DIY cable carrier

Once the CNC machine is build and making chips, the need for neat and accurate cabling arises. Indeed, nobody wants his machine to cut its cabling during operation.

Initially, I have fixed the cabling using cable ties holders with a double-sided tape. This proved unreliable because the double-sided tape did not last long and let go finally. I decided to start with a cable carrier for the X-axis, because making it neat and accurate seemed straightforward: put the wires into the cable carrier.

I have browsed through available models and almost decided to buy one cable carrier chain but at 40$/meter it seemed a bit pricey. Suddenly, while wandering through cnczone forums, I had found a very interesting thread about DIY cable carriers and decided to make my own instead of buying a ready-made one.

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First, I had to choose the particular design from the quite a few in the thread. I decided to use the Gerrys (ger21) type (I believe he modeled it after some IGUS chain), which is further adjusted by Pablo (PEU) for milling with just 1/4" endmill, since original design called for both 1/4" and 1/8" endmills.

The chain consists of two types of links that mate together. You can clearly see this on the picture.

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Here are the three types of pieces needed for the cable carrier.


The modifications I made to the models were:

  • Increased length of the the part C to increase the overall cable carrier width.
  • Increased width of the part C for better fit. I found that a bit oversized part holds better.

Part A:

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Part B:

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Part C:

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Here are the actual parts. I have picked some very cheap scrap polypropylene and used it for my cable carrier.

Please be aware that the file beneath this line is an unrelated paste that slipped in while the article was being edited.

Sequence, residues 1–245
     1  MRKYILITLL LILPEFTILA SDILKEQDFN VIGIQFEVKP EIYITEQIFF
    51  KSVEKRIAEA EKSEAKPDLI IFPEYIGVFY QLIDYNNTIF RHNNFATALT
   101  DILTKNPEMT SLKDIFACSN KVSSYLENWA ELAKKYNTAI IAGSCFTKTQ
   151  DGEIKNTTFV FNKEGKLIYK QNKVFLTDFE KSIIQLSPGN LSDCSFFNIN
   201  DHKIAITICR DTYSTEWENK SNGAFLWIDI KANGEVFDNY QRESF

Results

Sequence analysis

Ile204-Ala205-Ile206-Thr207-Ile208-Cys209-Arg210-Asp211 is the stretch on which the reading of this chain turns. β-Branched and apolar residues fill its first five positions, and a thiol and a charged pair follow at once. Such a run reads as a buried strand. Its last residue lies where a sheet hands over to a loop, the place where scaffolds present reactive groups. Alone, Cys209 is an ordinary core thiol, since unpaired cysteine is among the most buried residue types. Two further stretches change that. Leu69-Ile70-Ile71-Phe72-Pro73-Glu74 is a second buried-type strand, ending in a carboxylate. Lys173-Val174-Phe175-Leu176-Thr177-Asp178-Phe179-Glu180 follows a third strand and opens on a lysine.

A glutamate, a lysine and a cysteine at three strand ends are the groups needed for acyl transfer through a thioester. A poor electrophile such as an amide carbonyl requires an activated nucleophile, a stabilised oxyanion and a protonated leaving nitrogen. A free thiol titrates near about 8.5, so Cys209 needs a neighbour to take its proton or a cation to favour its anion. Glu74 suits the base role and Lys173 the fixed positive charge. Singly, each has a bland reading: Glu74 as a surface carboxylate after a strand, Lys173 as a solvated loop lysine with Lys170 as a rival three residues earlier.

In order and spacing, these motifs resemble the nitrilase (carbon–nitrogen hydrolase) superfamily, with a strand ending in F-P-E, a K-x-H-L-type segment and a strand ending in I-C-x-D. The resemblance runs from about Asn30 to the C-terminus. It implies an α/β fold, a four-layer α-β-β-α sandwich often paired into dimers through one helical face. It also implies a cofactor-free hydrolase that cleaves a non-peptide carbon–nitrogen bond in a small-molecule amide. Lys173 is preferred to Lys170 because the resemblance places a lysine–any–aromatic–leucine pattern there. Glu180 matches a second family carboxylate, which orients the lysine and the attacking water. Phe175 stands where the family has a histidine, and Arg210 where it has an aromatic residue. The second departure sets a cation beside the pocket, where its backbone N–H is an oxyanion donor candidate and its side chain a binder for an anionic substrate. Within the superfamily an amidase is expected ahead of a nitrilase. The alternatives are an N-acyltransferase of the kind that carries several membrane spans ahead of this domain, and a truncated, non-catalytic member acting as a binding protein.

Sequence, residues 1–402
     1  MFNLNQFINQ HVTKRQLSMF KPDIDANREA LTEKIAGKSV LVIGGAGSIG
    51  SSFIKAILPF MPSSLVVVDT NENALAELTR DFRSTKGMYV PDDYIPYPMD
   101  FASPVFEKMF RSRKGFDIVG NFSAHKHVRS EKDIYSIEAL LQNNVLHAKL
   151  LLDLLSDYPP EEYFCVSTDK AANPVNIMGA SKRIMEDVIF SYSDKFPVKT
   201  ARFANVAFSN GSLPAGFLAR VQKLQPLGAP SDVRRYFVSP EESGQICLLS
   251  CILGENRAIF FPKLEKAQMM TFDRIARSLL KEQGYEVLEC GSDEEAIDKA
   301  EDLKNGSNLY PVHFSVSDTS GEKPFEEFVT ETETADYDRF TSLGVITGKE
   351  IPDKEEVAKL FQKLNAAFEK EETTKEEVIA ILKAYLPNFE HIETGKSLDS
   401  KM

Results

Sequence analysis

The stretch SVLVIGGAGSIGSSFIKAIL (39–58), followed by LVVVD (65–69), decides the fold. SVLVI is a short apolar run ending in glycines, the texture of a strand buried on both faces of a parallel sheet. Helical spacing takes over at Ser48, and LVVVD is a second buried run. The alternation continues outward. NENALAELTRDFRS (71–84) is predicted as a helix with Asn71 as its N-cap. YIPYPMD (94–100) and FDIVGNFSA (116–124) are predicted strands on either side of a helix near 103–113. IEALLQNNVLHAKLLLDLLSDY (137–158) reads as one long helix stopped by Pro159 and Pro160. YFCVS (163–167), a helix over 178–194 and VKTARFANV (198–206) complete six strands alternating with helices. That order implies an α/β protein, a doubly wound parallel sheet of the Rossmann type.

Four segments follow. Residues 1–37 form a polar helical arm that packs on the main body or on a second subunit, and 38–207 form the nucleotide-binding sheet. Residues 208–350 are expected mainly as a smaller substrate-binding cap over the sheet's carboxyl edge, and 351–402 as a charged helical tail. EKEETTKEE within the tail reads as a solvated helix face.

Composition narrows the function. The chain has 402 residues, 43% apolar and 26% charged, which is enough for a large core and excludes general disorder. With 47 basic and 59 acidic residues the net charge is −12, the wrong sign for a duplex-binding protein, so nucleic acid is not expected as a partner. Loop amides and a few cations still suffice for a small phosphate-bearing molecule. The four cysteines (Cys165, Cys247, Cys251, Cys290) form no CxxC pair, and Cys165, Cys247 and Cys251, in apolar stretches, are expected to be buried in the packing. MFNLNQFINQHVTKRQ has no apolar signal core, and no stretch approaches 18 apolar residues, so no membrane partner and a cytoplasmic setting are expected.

Some notes on the material though. It is important to keep in mind, that the parts do not have any locks that hold the assembly together. Thus, you either rely on a tight fit to hold the assembly together, or need to glue the parts. I thought that friction forces would be strong enough to hold the cable carrier and not let it fall apart. However, this was not true - the assembly turned out to be quite sensitive and not rigid enough.

So I had to glue the parts together. Now, polypropylene is not easy to glue. One needs a special glue that will work with it. That was a moment when I regret I had used polypropylene. I should have used polyethylene instead, and then I could have bonded it together with a plain acetone.

Since I did not have any special glue for polypropylene at hand, I used superglue (cyanoacrylate) which somewhat worked. However, I may have to use a special glue if the superglue will not work adequately.

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Here are the assembled links of the chain.

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Here is the cable carrier installed on my CNC machine.

I have finally found the way to mount my new cable carrier: I have made some custom T-nuts for 80/20 aluminum extrusion. They turned out very nice and were easy to make. I will post a new project, where I describe how these T-nuts are made.

I wish I could have made my cable carrier from the black plastic... Anyway, the cabling is much nicer now!

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Here is the last modification to my DIY cable carrier. If you look closer at the previous pictures, you may notice, that wires to stepper motor are strained. This is because they transmit the motion of the Y-axis to the cable carrier. Obviously, this is no good, and I decided to fix the cable chains end relatively to the Y-axis.

I have machined an L-shaped plastic piece that attaches to the 80/20 extrusion at one end and to the cable carrier at the other end, and thus transmits the motion from the Y-axis to the cable chain. As a result, the cables are not strained any more, as you can see on the picture.

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Pablo kindly allowed me to host the SolidWorks files. You can download the models for DIY cable carrier here.